If you are a person of a “certain age”, you might remember the Mission Impossible series. No, not the one with Tom Cruise but the one with Peter Graves. The Impossible Missions Force (IMF), a small team of secret agents used for covert missions against ruthless, evil leader; evil organizations and big crime bosses .At the beginning of each show, the assignment was always presented with a creative tape recording that outlined the details. At the end of it, the “tape will self-destruct in five seconds” ending in a puff of smoke. What if you could make a progressive assignment for your students that incorporated elements of Mission Impossible and The Amazing Race.
Set up your outgoing voicemail message for learners to call in and listen to as a part of an activity. Wondering how you might use this? Here an example: the message could be a scenario, provide clues that learners need to use to solve a puzzle, or address a series of questions as part of an activity.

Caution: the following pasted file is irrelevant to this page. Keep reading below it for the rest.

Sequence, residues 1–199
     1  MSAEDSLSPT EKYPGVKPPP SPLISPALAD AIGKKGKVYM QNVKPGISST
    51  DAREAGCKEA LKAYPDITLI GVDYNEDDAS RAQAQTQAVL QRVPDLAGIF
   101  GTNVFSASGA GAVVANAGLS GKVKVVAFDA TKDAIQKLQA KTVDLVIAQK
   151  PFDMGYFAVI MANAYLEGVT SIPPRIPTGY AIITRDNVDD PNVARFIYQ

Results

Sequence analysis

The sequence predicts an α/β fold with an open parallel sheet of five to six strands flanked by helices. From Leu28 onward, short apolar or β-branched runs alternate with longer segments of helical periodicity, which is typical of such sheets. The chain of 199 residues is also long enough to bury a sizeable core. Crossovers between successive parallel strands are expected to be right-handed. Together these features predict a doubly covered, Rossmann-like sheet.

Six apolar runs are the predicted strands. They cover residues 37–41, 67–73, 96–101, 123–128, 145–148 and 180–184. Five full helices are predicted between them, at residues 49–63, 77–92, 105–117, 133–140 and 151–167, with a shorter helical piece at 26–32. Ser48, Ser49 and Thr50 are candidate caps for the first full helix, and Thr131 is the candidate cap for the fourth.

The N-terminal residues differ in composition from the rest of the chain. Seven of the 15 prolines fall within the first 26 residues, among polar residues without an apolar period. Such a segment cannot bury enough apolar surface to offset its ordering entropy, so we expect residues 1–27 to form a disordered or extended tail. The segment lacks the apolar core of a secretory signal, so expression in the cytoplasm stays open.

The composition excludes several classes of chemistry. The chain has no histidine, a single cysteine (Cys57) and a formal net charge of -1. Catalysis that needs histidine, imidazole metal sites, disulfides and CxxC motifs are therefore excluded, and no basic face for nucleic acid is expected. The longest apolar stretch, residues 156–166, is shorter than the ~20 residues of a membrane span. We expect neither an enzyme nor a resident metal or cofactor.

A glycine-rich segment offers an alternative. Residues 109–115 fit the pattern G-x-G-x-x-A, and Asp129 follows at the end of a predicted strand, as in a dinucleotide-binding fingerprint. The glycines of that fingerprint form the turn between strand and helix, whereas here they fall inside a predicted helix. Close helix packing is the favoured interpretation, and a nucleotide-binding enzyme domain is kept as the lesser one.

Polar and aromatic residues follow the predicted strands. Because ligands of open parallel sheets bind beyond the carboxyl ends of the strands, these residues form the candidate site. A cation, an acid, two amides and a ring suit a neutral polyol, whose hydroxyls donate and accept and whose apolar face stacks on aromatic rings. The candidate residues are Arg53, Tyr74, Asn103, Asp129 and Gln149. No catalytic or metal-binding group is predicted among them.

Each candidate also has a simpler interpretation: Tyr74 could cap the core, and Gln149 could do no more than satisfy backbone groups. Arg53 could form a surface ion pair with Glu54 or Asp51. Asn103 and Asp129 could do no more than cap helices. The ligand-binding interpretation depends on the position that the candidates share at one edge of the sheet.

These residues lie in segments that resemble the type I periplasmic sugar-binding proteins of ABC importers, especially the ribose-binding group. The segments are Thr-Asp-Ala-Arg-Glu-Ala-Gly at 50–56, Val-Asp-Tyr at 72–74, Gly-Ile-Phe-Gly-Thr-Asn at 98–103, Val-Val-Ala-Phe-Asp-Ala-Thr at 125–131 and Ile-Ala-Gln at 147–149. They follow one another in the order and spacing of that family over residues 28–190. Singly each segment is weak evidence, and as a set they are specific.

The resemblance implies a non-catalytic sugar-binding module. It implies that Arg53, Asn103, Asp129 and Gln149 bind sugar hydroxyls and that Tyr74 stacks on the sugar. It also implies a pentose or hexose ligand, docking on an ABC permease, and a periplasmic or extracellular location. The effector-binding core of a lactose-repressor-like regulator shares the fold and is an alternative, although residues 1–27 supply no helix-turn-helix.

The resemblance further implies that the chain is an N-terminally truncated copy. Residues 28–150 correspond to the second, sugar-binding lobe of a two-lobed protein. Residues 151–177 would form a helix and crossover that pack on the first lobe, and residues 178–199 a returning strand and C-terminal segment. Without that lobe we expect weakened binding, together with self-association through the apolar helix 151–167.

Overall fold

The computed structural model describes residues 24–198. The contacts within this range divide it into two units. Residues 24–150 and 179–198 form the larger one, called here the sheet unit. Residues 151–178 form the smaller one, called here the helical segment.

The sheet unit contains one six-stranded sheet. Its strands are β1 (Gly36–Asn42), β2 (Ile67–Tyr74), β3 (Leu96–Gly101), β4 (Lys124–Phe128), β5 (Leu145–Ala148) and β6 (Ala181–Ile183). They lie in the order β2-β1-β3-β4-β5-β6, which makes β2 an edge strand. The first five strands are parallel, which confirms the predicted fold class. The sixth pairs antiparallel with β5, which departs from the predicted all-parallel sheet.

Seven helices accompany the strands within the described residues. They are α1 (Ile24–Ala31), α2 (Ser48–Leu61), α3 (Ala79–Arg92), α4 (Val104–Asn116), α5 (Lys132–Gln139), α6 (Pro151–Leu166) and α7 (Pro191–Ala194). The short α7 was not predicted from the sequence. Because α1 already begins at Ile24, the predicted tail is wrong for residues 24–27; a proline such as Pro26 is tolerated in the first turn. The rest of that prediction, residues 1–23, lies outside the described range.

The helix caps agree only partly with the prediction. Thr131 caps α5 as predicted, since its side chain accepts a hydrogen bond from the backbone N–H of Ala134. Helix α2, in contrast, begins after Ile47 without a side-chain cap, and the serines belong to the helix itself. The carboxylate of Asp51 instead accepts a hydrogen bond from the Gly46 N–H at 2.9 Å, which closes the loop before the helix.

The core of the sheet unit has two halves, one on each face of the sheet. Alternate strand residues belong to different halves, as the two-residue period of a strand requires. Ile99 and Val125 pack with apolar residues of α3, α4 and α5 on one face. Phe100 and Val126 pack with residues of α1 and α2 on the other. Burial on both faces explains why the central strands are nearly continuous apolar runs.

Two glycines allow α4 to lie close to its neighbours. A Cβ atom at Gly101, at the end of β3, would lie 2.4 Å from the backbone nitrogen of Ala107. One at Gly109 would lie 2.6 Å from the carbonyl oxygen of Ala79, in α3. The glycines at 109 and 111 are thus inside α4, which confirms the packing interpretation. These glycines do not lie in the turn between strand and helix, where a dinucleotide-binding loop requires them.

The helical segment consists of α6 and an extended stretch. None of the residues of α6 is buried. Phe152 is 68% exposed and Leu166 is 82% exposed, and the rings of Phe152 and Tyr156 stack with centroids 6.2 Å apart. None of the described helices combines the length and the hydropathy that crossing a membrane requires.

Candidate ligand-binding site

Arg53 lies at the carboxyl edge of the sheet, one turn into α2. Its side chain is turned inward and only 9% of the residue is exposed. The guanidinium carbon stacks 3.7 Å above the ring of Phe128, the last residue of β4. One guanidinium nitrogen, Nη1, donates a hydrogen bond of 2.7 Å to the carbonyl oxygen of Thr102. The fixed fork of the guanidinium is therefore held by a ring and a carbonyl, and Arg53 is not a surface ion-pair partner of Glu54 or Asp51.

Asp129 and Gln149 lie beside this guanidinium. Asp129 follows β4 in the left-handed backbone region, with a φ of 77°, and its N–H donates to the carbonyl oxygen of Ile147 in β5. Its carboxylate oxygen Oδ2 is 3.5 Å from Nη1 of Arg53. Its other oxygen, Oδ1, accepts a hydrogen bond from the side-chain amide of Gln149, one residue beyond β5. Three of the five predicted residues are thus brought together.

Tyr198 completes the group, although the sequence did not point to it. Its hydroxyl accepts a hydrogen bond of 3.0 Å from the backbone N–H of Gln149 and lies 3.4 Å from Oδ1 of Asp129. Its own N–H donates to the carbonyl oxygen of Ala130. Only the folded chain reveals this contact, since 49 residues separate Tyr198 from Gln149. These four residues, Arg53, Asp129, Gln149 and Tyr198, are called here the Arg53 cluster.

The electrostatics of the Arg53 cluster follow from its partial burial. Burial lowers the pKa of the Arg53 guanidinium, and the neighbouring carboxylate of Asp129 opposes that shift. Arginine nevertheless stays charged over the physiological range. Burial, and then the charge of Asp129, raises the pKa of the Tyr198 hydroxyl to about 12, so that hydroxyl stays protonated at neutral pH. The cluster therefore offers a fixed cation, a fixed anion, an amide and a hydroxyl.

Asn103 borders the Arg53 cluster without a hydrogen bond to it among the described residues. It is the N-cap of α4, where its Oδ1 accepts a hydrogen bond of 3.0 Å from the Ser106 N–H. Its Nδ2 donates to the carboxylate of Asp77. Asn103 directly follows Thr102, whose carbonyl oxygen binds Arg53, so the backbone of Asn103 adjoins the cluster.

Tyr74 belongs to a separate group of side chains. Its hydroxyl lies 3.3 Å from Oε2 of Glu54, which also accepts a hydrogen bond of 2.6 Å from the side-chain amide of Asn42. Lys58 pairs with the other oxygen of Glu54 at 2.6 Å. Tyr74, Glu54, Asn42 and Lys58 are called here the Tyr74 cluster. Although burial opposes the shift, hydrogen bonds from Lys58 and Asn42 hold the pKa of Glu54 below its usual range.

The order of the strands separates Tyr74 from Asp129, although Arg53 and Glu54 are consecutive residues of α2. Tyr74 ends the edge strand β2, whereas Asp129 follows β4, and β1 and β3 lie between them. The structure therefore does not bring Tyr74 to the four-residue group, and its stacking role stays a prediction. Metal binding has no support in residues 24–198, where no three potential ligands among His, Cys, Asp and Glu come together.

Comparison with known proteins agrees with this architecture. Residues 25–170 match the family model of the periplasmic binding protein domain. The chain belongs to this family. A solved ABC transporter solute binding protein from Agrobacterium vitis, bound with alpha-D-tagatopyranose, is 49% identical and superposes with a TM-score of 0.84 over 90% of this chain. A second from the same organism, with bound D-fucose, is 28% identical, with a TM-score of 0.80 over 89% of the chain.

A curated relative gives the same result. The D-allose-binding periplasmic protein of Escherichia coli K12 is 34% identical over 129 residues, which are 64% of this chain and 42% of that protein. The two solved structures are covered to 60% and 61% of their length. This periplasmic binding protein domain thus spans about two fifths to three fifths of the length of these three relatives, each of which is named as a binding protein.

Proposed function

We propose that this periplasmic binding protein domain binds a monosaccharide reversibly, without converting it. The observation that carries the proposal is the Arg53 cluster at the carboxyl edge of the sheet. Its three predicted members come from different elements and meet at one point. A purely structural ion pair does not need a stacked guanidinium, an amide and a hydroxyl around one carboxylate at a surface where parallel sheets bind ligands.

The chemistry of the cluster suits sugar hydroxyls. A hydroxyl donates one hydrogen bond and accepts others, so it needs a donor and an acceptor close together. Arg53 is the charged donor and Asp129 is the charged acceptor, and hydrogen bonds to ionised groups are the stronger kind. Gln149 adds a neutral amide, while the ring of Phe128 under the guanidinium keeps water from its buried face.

Now, I fully understand that the last thing you want is for your phone to be ringing at all hours of the day. No problem. Google Voice grants you access to a single phone number that, if desired, rings all of your phones, saves your voicemail online, and transcribes your voicemail to text. It can also be set so that no calls are forwarded to any of your phones. The cool thing is the Google Voice is free. Give this a try today…and don’t forget “As always, should you or any of your I.M. Force be caught or killed, the Secretary will disavow any knowledge of your actions.”1
1. White, Patrick J (1991), The Complete Mission: Impossible Dossier, New York: Avon Books.